Bitcoin sinks below $40K amid fears of global recession

Despite ongoing concerns about inflation and a possible global recession, the flagship crypto continued its drop on Tuesday.

Recently, bitcoin has fallen under $40K mark, a drop of 5.4% for the day after touching a high above $47K at the end of March

Ethereum, the second-largest crypto by market value, is trading roughly over $3K, a decline of more than 6% since the middle of last month, after dropping below this threshold earlier in the day.


  • The decline in bitcoin’s 50-day moving average, below $42K, has investors wary. In the event of a fix below this level, a direct path to the area of the March lows near $38K is likely.
  • Altcoins such as Terra’s LUNA token, SOL, and ADA also suffered losses by double digits. Also beaten down significantly were meme coins Dogecoin and Shiba Inu. There was little trading.
  • Hayes, the former CEO of BitMEX, believes the equity markets could meltdown if interest rates rise and the Fed stops its asset purchases. Hayes predicts that the crypto markets will continue to decline and that Bitcoin will drop to $30K and Ether to $2.5K by June.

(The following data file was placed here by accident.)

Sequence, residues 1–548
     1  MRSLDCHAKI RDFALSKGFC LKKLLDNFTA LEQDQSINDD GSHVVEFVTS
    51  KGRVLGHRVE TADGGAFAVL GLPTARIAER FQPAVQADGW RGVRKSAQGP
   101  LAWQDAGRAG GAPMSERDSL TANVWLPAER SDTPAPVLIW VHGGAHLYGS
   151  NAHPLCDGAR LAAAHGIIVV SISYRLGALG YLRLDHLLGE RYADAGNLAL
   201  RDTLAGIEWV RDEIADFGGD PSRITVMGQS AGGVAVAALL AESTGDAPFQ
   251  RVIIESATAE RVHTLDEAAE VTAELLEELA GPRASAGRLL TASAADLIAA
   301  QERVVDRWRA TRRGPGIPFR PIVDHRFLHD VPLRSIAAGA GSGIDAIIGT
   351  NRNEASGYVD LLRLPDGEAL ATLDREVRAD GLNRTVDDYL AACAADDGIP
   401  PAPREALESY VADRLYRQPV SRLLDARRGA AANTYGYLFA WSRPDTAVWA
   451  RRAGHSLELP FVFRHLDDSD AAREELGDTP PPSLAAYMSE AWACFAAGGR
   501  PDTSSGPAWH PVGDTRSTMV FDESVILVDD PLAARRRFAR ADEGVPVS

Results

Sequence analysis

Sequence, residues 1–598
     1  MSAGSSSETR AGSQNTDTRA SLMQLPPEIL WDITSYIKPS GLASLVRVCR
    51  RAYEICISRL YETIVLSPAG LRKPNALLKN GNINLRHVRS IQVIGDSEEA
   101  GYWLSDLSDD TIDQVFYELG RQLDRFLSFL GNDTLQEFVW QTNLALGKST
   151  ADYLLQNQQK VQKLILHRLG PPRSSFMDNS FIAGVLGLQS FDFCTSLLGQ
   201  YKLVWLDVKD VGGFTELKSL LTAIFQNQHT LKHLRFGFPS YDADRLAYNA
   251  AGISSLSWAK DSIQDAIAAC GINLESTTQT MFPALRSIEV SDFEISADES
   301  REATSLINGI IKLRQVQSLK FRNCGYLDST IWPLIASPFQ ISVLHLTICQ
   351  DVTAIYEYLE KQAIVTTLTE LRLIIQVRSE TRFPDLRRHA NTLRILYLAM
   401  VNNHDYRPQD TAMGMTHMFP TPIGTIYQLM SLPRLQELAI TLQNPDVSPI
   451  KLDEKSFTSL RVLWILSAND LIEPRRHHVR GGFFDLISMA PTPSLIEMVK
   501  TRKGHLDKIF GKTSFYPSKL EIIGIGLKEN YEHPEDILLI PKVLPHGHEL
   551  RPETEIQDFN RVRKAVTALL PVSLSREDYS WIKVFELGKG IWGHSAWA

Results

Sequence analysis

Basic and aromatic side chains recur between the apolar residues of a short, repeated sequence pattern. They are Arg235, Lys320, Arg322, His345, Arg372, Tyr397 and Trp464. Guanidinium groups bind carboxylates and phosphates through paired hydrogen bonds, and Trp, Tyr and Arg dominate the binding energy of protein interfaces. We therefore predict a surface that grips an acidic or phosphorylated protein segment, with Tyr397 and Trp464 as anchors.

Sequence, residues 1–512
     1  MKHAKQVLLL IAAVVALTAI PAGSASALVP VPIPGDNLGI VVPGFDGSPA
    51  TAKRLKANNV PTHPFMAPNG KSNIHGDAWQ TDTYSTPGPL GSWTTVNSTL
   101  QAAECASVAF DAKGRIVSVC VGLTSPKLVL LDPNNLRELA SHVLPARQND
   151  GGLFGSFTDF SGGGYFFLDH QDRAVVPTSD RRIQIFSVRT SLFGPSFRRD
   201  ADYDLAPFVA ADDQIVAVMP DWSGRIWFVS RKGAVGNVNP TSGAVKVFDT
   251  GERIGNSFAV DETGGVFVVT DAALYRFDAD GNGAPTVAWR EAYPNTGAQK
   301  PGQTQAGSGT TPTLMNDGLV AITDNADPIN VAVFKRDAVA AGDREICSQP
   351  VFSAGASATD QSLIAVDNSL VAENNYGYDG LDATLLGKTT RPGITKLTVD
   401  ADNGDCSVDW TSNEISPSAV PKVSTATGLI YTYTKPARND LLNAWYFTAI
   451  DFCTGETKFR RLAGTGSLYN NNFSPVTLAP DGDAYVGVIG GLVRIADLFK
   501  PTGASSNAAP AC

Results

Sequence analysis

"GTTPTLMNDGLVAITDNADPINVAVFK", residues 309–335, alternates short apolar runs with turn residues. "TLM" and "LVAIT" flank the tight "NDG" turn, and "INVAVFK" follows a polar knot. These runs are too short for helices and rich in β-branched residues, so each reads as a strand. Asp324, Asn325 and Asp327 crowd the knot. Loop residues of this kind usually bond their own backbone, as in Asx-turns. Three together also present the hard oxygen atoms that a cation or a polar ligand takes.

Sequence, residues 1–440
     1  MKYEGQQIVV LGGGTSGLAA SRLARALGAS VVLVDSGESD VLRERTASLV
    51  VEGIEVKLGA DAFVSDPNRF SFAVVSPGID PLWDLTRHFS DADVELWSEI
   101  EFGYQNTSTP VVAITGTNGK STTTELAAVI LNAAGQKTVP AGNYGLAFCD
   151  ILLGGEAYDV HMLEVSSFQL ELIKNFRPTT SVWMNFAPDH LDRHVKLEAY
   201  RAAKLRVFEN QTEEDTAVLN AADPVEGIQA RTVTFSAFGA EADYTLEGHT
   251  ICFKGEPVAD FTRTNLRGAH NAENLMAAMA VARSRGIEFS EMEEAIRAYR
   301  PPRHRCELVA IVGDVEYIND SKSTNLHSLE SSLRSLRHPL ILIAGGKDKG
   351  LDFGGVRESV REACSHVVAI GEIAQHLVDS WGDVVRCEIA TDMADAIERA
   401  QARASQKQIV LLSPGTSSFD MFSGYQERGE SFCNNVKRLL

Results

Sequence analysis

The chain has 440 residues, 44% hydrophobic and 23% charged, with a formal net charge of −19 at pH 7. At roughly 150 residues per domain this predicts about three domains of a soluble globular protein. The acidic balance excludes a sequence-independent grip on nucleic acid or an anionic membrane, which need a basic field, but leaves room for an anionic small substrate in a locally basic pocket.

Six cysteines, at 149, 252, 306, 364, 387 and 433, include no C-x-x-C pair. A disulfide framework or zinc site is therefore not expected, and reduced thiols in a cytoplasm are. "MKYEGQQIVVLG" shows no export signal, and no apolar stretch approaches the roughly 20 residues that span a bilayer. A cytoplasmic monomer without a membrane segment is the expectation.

• The NY Fed released a study on Monday revealing that US consumers expect inflation to pick up in the near future. Prices for food and housing are expected to rise dramatically in the next 12 months, raising inflation expectations from 6.0% to 6.6%. Expectations for 3 years down from 4.2%.
  • According to consumers, rent is expected to rise 10.2% in the year ahead, while food costs will jump 9.6%.
  • A 6% increase in home prices is expected, up from 5.7% previously. Survey participants predict that inflationary pressures will worsen before they improve, which will worry Federal Reserve officials.

The Russian invasion of neighbouring Ukraine disrupted supply chains and increased energy costs, which was already increasing anxiety among crypto investors.

In an attempt to link Donbas with Crimea on the Black Sea, Russian forces continued to mass in the eastern region of Donbas on Monday.

Société Générale, France’s third-largest bank, became the latest major corporation to stop doing business with Russia as European Union allies and others opposed to Russia’s aggression considered additional economic sanctions.

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